Heath Nash, a South African Designer, was asked to design a public work for the Harare International Festival of the Arts (HIFA) in Zimbabwe. Along with 5 talented local craft designers, Nash drew inspiration from the surrounding city and architecture to build a number of shade structures from scraps, found materials and recycled bottles. The results are colorful and eclectic, and make use of not only local resources, but also local craft traditions.
Upon arrival, Nash walked around the city and was interested how people congregated under the shade of trees to talk, do business or relax. Seeing that shade was vital to day-to-day life, he settled on designing and building shade structures with the help of the local craft designers. In just a few short days, Nash and his crew collected materials and built the shade structures in time for the festival. Scrap and found materials were collected from Harare’s famous market ‘siya so’, which roughly means ‘what you see is what you get’.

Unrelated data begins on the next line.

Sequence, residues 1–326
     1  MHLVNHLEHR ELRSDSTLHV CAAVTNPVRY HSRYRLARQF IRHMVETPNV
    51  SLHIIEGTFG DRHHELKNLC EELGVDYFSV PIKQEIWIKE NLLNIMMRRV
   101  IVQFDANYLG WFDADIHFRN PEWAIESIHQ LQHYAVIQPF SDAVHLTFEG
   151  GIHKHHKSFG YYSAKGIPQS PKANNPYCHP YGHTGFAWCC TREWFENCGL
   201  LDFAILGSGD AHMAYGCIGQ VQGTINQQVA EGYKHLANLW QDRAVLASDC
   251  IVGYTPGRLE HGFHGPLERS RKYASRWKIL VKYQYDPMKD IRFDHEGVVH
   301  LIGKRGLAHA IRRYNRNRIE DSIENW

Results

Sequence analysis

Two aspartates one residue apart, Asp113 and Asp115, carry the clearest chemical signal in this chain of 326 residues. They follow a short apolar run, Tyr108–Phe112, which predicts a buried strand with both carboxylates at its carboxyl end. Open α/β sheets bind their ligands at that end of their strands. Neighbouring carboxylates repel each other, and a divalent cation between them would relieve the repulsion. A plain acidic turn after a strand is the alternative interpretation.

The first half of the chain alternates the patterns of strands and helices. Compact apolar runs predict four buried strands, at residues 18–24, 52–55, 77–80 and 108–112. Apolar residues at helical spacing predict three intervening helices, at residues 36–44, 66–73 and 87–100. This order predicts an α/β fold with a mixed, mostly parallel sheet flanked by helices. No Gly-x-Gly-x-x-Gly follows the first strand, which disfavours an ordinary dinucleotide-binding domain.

Scrap metal and wood were used to build the shade structures and a wide assortment of plastic bottles, and recycled materials were cut up and used to build the overhead shade. Nash also drew a lot of inspiration by repeating patterns he found around the city, so the recycled bottles were arranged in similar patterns. The local craft designers drew on their knowledge and experience to shape and build the shade structures. After the festival, the shade structures were expected to remain as permanent installations around the central business district.
Images ©Heath Nash